A new opening for influence
Russian President Vladimir Putin, who recently increased Russia’s military presence in the South Caucasus by stationing Russian troops in Nagorno-Karabakh, has been “keen” on the idea, according to Erdoğan. On October 6, Russian Foreign Minister Sergey Lavrov even made an announcement that Moscow was committed to the establishment of a new 3+3 format to “address the issues of security [and] unblocking economic and transport ties.”
This comes as no surprise as the Kremlin has long sought to increase its leverage on its post-Soviet neighbors to undermine the Western encroachment in the region of its “special interests”. Russia has been on the lookout to make it difficult for the Biden Administration to reiterate America’s role in the former Soviet space and strengthen cooperation in the region, especially with its strategic partner, Georgia. The second Karabakh war has been an opening for the Kremlin to reassert its influence in the South Caucasus region.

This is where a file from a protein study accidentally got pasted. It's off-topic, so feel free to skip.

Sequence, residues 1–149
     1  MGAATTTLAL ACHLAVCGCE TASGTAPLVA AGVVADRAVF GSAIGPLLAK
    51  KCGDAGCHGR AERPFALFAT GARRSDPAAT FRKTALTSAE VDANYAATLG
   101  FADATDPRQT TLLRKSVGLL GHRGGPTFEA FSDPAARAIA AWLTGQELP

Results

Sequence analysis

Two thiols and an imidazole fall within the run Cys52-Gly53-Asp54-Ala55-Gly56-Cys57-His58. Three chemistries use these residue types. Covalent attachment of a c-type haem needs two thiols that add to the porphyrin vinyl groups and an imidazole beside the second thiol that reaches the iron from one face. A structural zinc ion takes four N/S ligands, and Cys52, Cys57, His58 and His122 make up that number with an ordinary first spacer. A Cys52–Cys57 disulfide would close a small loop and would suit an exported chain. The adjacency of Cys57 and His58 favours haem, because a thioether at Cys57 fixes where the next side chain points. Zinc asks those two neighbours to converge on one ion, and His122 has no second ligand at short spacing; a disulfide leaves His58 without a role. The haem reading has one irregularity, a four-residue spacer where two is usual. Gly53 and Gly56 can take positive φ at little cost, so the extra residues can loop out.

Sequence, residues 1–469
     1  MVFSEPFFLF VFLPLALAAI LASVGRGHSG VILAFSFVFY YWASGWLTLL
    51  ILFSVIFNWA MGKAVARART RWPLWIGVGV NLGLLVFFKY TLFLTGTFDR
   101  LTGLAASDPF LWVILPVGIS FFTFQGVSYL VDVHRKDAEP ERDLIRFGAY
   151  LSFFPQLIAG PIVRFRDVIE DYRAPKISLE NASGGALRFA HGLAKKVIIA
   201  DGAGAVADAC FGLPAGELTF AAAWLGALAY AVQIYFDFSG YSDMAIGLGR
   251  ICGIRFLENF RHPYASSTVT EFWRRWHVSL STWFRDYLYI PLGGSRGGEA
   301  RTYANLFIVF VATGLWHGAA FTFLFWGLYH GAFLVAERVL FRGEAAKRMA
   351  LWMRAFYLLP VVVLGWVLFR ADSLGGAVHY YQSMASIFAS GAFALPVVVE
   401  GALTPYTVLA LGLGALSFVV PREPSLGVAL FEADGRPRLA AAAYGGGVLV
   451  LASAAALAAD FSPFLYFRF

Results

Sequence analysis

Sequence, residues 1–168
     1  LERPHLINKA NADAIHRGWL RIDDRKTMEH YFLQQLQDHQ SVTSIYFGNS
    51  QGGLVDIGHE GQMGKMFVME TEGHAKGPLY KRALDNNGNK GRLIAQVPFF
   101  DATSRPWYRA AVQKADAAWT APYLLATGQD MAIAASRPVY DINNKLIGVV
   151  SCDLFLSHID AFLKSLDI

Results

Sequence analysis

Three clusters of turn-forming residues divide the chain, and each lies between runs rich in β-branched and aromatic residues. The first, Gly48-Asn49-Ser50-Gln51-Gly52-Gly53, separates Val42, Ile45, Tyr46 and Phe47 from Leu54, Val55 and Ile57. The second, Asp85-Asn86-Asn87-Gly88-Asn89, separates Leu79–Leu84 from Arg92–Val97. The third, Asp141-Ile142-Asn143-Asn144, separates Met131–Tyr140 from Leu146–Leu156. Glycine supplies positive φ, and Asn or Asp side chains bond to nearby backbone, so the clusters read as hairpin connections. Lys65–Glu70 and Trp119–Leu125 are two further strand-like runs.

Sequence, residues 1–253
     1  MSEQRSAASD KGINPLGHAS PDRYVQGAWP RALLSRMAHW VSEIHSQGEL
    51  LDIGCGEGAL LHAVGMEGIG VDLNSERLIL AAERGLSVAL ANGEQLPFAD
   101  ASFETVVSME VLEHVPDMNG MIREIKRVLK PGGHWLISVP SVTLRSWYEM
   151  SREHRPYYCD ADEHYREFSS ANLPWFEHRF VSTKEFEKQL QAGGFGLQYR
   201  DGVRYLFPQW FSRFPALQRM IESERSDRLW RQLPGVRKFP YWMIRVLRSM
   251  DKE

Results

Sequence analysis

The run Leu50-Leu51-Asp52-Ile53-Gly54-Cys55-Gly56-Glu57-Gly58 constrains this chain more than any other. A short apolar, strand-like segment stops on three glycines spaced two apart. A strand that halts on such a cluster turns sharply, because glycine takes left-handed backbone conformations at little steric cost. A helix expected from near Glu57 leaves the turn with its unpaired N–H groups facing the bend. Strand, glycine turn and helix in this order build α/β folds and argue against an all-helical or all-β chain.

In the meantime, Turkey has been set on expanding its regional influence as well. The Turkish government has realized Russia’s importance in the region and despite a competitive relationship with Moscow, it has sought to work with Russia to achieve its own regional ambitions. For instance, since the end of the war, Turkey, alongside Azerbaijan, has been pushing for the construction of a transport link between Azerbaijan and Turkey via southern Armenia that could solidify Ankara’s transport connection with the South Caucasus and, at the same time, boost the region’s geo-economic importance, something that largely attracts Azerbaijan as well.
Iran could gain more than any side of the initiative. Tehran was largely absent in the war and did not gain a new footing in the South Caucasus like Turkey and Russia. Iran, however, remains the only country that has maintained regular diplomatic relations with all three countries in the South Caucasus. Armenian-Turkish relations have not yet been restored, and relations between Georgia and Russia have been tense since 2008. Hence, Iran would be the only participating country to obtain a leading position in the platform and host high-level meetings.